“With our team having this success, I am not nervous about the team losing its edge,” Duffy said. “We have a team full of motivated players who are all hungry for winning. With every day that comes, we look forward to working harder than we worked the day before. Everyone wants to get better and a lot of kids want to go on and continue their career at a four year college or university. Our team is full of great attitudes and I am confident that the team’s success will continue and we will continue to get better.”

Busby credited the probable success of the team to his coach’s ability to motivate the team members.

“I think we’ll be fine,” Busby said. “Coach Eberly really emphasizes staying level with emotions. It keeps us level and keeps us winning. I think we have a lot of energy on becoming the best and the road to that is just staying motivated, practicing hard and just keep doing everything right.”

As of now, Eberly is going to allow the team to continue its role, not make any drastic changes and believes they could get even better.

“I think we’re going to continue to let things play out in terms of who plays where and what our lineup looks like on a daily basis,” he said. “But I think we’re getting a pretty good feel for who we are. We’ve got a couple guys coming back from injury. So I expect that we should continue to improve.”

To see the baseball team in action, attend their next home game as the Titans host Mercer County Community College for a doubleheader at noon Saturday, April 15.

CCM baseball warms up for 2017 season


After a 2016 baseball campaign that included a trip to the Region XIX DII Championship Game, the County College of Morris Titans are getting ready to build off of that in the 2017 season.

The Titans narrowly lost to Mercer County College 6-7 in the championship game last season and head coach Brian Eberly said he believes the experience gained from that run can help make this season a successful one.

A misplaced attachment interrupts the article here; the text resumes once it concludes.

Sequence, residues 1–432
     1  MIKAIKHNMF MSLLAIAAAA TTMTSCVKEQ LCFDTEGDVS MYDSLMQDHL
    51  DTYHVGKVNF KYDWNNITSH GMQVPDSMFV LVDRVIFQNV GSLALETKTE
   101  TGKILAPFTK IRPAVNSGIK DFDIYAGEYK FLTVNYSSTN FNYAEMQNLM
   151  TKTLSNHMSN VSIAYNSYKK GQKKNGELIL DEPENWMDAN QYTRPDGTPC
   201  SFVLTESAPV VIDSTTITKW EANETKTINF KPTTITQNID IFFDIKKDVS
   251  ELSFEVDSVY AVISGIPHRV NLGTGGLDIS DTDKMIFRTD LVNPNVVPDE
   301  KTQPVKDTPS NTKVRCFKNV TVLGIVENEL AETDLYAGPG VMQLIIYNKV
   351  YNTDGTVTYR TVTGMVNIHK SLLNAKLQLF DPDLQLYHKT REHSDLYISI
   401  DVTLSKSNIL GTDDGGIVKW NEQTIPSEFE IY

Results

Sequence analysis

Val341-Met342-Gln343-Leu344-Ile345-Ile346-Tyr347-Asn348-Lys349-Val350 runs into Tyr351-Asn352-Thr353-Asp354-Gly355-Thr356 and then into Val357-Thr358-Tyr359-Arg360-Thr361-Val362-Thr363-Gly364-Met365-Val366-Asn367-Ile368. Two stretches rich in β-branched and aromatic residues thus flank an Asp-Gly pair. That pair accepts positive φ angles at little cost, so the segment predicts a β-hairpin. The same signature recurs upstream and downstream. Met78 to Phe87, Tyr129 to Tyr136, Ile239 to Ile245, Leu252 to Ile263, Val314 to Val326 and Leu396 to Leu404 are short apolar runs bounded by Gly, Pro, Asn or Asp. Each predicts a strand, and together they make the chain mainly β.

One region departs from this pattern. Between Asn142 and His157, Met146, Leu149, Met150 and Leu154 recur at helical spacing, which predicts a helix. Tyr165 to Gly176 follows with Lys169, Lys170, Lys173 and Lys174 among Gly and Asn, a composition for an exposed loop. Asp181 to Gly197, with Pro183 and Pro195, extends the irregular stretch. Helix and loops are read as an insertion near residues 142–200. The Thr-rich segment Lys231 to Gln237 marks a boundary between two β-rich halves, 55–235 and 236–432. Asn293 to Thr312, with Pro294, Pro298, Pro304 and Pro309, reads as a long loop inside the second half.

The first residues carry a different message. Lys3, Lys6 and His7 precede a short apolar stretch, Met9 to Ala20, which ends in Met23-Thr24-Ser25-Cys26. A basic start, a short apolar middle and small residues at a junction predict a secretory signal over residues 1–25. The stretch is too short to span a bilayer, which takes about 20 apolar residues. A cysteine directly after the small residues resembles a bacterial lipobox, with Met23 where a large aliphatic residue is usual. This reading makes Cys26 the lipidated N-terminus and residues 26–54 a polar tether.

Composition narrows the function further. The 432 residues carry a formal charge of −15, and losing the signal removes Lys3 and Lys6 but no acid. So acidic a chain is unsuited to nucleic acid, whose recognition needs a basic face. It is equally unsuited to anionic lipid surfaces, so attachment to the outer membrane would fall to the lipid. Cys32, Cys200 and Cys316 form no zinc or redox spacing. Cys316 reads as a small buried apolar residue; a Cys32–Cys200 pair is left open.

“I think last year we were, for as well as we did, we were predominantly freshman and we’re returning the bulk of our team,” Eberly said. “Our top arms are both back. Eight out of the nine guys in our lineup are back. Just that experience factor I think is going to be big for us. We brought in a number of transfers and talented recruits that are going to supplement what we’re already bringing back. But as far as just the quality of returners, I think we are set up. As far as compared to my previous teams here, on paper this should be the best team I’ve had.”

One of those returning players is starting pitcher Alex Busby who is in his second season at CCM. He also said that despite losing a few players, those newly added could add a lot to the team.

“We lost a few guys but we picked up a couple more, so I have big expectations,” he said.

Both Eberly and Busby think the biggest aspect of the game the team will excel with, besides experience, is pitching. The two also agree that the newest editions to the pitching rotation will greatly benefit the team.

“I think our pitching will be much improved,” Eberly said. “I think we are a lot deeper. We have Alex Busby and Jim Fluke returning from last year. We brought in a couple Division 1 transfers and a talented group of freshmen that I think make us a lot deeper.”

Busby said he recognizes that their pitching crew is going to need to be more robust, but he is not worried about the challenge.

“Our pitching is definitely going to be something great this year,” said Busby. “A lot of the freshmen are going to have to step up and stuff like that, but I think they can do it. We’ve picked up a couple transfers and everything that are going to be big parts of the staff. Hopefully that can make something roll.”

Despite the team having recent success, some students at CCM have yet to attend a game. One of these such students is liberal arts major at CCM, Troy Curtis.